We’re pleased this month to be able to include an excerpt from Mission in a Bottle, a new book by the co-founders of Honest Tea. We’ve got a ton of other stories, of course, but it’s rare that we’re presented with an opportunity to showcase a piece that dovetails so nicely with our own place in the industry, which is as a resource for the galaxy of the entrepreneurial beverage company.
Having had the chance to read an advance copy of the book, I can tell you that it offers a spin on the beverage business that is invaluable to the entrepreneur – largely because it’s told from the point of view of a pair who were, initially, outsiders. It’s an established pattern that many of the most effective entrepreneurs do not come from inside their industry, and that is certainly true in the case of Seth Goldman and Barry Nalebuff.
Much of the value of the stories that Seth and Barry tell come from their ability to recall, as adventurers in this new world of beverage, their encounters with many of that world’s established practices. Some made sense at the time, and, as many examples indicate, some seemed to be just plain ridiculous. Here’s one: Honest’s sales guru, Dan Cavanaugh, takes the pair out to lunch with route drivers from a distributor, where they learn that incentivizing the sales reps – a common practice – doesn’t make sense because some routes are more profitable, and the reps are just sharing the bonuses around. Here’s another: a retailer isn’t putting Honest Tea out on the shelf because it sells too fast – he doesn’t want it to look out of stock. By not being entrenched in those patterns, the pair are able to disrupt the business, often to their advantage.
The creativity that Seth and Barry have shown over the long term in working around less-than-ideal practices is what has made Honest Tea such an important company, not just for beverages but for the broader entrepreneurial world as well. So are the mistakes that are retold here: the purchase of a bottling plant, their pursuit of a bagged tea business, bad hires and ill-fated negotiations.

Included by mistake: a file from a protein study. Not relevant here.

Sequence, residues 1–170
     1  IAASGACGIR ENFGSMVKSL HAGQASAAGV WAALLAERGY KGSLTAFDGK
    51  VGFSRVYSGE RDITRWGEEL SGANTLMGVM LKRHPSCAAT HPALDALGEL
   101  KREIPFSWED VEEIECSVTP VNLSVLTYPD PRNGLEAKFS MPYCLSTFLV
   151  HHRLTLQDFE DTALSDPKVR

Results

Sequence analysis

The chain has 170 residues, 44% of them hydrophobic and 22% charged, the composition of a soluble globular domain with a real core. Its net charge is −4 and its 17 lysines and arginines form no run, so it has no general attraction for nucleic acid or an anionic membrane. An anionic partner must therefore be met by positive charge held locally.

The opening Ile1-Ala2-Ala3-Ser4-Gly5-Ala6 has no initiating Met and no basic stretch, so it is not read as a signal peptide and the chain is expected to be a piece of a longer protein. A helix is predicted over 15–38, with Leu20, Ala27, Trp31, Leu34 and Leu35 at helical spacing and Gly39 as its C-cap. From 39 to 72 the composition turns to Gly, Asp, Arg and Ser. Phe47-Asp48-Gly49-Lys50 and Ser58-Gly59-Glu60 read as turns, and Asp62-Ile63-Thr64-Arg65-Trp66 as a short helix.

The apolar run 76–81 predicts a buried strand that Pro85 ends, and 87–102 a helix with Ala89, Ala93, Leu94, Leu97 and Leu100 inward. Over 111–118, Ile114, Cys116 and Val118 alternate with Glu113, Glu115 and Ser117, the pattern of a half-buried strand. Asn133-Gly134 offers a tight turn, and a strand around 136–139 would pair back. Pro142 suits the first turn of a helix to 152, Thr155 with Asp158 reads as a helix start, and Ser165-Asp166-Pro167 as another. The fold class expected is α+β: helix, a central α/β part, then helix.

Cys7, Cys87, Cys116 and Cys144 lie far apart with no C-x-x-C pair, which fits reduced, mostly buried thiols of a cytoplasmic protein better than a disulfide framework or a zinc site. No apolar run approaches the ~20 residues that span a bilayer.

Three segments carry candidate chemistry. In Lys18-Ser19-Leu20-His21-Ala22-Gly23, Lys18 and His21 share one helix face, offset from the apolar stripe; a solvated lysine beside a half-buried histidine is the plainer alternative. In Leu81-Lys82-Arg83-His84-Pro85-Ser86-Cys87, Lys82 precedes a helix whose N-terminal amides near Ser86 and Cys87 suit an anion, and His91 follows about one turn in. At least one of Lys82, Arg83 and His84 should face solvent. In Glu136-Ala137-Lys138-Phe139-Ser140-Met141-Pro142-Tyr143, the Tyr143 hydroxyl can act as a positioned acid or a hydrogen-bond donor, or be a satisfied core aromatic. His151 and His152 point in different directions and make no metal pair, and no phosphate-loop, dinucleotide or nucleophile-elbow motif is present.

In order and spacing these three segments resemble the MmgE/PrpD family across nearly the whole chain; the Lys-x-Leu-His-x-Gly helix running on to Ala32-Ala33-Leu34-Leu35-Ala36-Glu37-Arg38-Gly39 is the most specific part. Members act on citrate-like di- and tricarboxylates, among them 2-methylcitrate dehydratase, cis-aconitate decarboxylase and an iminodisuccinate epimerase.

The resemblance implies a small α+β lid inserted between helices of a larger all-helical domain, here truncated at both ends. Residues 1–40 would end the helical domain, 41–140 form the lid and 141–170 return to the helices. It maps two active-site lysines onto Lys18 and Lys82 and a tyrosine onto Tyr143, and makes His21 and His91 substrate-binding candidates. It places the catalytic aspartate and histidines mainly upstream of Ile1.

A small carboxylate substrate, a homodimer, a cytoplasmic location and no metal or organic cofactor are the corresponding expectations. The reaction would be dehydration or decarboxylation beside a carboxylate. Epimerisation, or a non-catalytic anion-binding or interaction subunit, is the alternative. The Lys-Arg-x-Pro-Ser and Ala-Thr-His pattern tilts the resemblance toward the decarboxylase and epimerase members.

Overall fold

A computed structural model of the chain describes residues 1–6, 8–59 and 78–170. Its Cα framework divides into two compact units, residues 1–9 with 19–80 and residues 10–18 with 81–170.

There are those who have heard Seth speak – or who have met him – who will recognize many of the stories that are told in the book. But the addition of Barry’s insights helps to keep them from becoming hackneyed – and the stories, even for those who know them, bear repeating.
That other beverage companies would later successfully execute the plays that Honest Tea drew in the dirt is signal enough that there’s teachable material in this company’s evolution. True, Honest Tea isn’t the only company that has had to improvise on distribution – maybe not using a charcoal distributor, for example, but one that supplied cold cuts – but it’s awfully nice to see a full record of the many small decisions that have to be made when growing a brand all collected in one place.
Having them together lets us understand the record of innovation and mission that has come from the founders of Honest Tea. (Of course, having them told in tiny chapters in an easy-to-read graphic novel is even better, because it’s an innovative format that caters to those who, like me, have absolutely zero understanding of the courses that Seth took from Barry at Yale, where the pair first met.)
Fawning over such a useful tool is easy, and it’s understandable that Seth and Barry have chosen to subtitle it a “Guide to Doing Business Differently – and Succeeding.” That’s a fair assessment, as the pair offer up a lot of advice and break with the comic narrative format repeatedly to give takeaways that are much more in the “how-to” vein. But that subtitle sells short the context – that there’s a fair amount of specialized circumstance in the growth of every business, and there are parts of the Honest Tea story that belong to Honest Tea alone. While those circumstances mean that every solution tried by Seth and Barry won’t apply to every other business that seeks to apply them, they are also the stuff of a story worth telling. We’re glad to be able to help them do so here, for the benefit of our readers, and, we’re also glad to have had such a nice seat for much of the ride.
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